David R. Liu, PhD, Prime Medicine co-founder

Prime Medicine, which applies a “search and replace” approach to gene editing, emerged today from stealth mode by announcing it has completed $315 million in financing.

The financing consists of a $115 million Series A round and a $200 million series B round. Prime said proceeds from the financing will be used to continue building the company, rapidly advance its gene editing therapy candidates towards clinical indications, and expand the capabilities of its platform.

Prime is currently advancing multiple drug discovery programs targeted at liver, eye, ex-vivo hematopoietic stem cell, and neuro-muscular indications. By the end of 2021, Prime said, it expects to employ more than 100 people full-time.

The emergence of Prime comes weeks after the field of genome editing was electrified when researchers from Intellia Therapeutics, Regeneron Pharmaceuticals, and clinical partners published the first-ever clinical data that support the safety and efficacy of in vivo CRISPR genome editing in humans. In a study published in The New England Journal of Medicine, the researchers showed that the companies’ lead in vivo genome editing candidate NTLA-2001 generated a dose-dependent sustained reduction of protein linked to transthyretin (ATTR) amyloidosis following a single dose in six patients living with hereditary transthyretin amyloidosis with polyneuropathy (ATTRv-PN).

Prime Medicine applies a next-generation genome editing technology that it likens to the “search and replace” function of a word processor, only with DNA. The company trains its searching and replacing on disease-causing genetic sequences at their precise location in the genome, without resulting in double-strand DNA breaks that cause unwanted cellular changes.

According to the company, its genome editing approach has the potential to address more than 90% of known disease-causing mutations, and works in a variety of dividing and non-dividing primary human cells, as well as in animals.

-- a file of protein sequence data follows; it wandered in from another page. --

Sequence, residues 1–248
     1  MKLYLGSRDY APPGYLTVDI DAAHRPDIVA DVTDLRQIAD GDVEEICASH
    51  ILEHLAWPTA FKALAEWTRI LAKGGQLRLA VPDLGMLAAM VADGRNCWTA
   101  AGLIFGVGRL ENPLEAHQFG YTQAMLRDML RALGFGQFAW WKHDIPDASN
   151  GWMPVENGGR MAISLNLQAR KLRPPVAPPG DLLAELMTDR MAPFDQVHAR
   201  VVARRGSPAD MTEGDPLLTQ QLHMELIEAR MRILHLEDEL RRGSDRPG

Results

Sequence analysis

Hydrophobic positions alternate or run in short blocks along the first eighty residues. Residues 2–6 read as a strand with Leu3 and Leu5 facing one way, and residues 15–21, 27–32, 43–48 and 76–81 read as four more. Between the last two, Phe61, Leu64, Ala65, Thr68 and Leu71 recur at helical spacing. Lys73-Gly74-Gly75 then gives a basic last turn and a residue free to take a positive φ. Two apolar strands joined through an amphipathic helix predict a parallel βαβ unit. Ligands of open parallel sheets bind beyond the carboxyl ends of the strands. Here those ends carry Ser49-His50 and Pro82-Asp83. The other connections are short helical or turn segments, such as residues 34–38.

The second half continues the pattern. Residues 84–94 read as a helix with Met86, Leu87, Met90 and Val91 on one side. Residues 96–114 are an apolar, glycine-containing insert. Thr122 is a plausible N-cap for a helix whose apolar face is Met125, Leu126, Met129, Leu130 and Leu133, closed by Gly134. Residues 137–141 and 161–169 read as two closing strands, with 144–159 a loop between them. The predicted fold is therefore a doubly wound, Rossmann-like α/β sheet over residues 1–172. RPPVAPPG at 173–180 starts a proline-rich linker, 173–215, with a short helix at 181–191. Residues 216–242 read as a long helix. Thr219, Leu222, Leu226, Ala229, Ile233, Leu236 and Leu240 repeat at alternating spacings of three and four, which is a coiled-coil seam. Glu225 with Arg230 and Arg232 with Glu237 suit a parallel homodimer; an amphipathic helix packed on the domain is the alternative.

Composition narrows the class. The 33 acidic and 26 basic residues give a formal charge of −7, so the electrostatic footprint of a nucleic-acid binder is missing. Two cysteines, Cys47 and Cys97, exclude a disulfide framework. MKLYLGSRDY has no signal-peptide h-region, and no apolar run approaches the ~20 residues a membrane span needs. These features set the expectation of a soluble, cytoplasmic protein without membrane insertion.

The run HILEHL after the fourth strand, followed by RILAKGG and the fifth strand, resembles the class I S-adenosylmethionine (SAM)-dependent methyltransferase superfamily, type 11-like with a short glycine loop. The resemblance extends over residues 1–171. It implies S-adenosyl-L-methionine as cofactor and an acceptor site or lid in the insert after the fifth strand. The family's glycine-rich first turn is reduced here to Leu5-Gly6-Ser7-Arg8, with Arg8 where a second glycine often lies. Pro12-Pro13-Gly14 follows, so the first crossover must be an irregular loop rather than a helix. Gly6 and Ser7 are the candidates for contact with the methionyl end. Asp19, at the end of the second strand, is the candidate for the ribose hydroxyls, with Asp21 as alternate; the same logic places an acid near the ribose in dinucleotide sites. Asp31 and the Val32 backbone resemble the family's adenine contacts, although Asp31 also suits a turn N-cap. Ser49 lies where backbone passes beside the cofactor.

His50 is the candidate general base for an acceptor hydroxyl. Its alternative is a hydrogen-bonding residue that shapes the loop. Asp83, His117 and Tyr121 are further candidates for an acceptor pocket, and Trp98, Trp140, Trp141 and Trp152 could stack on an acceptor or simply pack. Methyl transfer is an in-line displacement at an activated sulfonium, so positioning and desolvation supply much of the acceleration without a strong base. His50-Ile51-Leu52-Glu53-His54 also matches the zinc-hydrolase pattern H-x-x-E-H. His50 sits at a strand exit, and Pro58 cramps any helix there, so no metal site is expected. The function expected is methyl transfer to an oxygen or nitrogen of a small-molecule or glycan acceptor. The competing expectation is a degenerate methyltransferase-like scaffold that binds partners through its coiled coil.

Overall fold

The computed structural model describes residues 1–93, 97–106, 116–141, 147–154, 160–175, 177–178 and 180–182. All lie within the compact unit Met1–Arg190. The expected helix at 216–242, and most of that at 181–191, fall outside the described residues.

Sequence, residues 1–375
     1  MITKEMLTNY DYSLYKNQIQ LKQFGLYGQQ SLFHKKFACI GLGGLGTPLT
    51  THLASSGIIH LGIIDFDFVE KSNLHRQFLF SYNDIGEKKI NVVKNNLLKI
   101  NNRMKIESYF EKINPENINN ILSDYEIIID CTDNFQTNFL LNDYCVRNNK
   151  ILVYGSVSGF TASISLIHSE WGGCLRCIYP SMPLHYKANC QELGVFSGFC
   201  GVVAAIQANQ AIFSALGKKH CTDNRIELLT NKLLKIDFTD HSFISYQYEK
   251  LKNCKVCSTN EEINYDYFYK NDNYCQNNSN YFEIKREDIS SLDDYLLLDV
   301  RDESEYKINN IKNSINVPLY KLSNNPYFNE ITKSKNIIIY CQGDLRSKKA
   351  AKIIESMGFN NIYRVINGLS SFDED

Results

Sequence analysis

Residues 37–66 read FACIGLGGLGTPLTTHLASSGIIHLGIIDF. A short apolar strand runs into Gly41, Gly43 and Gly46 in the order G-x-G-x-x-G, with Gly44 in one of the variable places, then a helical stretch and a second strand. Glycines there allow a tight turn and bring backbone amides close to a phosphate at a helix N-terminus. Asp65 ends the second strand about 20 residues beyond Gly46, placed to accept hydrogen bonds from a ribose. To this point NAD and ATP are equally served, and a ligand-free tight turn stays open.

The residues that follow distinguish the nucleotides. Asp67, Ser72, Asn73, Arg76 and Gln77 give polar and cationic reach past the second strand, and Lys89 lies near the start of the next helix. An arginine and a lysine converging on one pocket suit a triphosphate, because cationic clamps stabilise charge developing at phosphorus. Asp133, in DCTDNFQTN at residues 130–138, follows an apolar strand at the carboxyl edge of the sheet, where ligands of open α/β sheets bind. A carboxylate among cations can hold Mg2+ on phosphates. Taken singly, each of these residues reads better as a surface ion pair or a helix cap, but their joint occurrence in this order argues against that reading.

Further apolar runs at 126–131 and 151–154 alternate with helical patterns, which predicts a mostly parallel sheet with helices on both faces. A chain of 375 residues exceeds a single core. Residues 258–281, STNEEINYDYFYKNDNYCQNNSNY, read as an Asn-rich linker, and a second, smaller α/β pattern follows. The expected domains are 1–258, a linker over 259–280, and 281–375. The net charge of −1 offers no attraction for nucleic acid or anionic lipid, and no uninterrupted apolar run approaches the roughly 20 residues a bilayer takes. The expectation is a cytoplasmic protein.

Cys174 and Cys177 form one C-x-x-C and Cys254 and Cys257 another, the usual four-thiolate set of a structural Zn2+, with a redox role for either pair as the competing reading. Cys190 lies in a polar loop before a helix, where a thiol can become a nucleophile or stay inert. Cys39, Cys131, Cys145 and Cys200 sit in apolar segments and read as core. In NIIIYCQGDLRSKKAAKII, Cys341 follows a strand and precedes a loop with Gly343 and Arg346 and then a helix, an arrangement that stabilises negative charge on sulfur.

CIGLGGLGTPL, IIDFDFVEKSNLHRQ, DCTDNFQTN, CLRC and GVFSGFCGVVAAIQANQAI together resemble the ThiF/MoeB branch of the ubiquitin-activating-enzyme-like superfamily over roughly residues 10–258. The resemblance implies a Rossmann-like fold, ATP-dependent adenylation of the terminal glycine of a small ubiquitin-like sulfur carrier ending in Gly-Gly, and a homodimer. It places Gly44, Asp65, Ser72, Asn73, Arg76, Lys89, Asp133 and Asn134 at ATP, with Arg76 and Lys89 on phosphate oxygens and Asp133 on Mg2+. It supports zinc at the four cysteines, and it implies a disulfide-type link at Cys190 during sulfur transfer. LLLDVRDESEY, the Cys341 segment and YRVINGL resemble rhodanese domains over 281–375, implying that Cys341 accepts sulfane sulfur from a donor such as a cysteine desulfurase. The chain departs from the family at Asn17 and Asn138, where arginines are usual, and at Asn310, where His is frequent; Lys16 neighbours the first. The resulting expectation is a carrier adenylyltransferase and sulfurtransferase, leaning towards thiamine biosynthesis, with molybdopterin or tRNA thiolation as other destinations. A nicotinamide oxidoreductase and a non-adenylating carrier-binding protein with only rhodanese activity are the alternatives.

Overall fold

Prime cites research by “multiple” independent laboratories that have shown they can use its technology to make genome edits with high fidelity, precisely at the desired location with minimal or no editing in other parts of the genome. The company says its technology is designed to overcome several technical barriers attributed to earlier gene editing technologies—such as off-target edits delivered by many versions of CRISPR genome editing.

‘Transformative Technology’

“Prime Editing is a transformative technology that we believe will make a significant impact by addressing the fundamental causes of genetic disease,” said Keith Gottesdiener, MD, CEO of Prime Medicine.

Prime editing uses a prime editor protein comprising a Cas nickase domain and a reverse transcriptase domain, together with a prime editing guide RNA (pegRNA) that carries both a targeting sequence and a template for a replacement sequence. The prime editor searches for the specific DNA sequence that needs to be edited.

Once located, the prime editor uses the pegRNA’s “replace” sequence to activate the reverse transcriptase domain, which makes a DNA copy of the template carried by the pegRNA, creating a corrected DNA sequence. The corrected sequence then preferentially replaces the original genomic DNA, resulting in a permanent edit of the DNA at the target location.

The technology behind Prime Medicine was first disclosed publicly in October 2019, when David Liu, PhD, and colleagues at the Broad Institute of MIT and Harvard published a paper in Nature that laid out a new mechanism for genome editing called “prime editing” that did not make double-strand breaks in the target sequence or use a donor DNA template.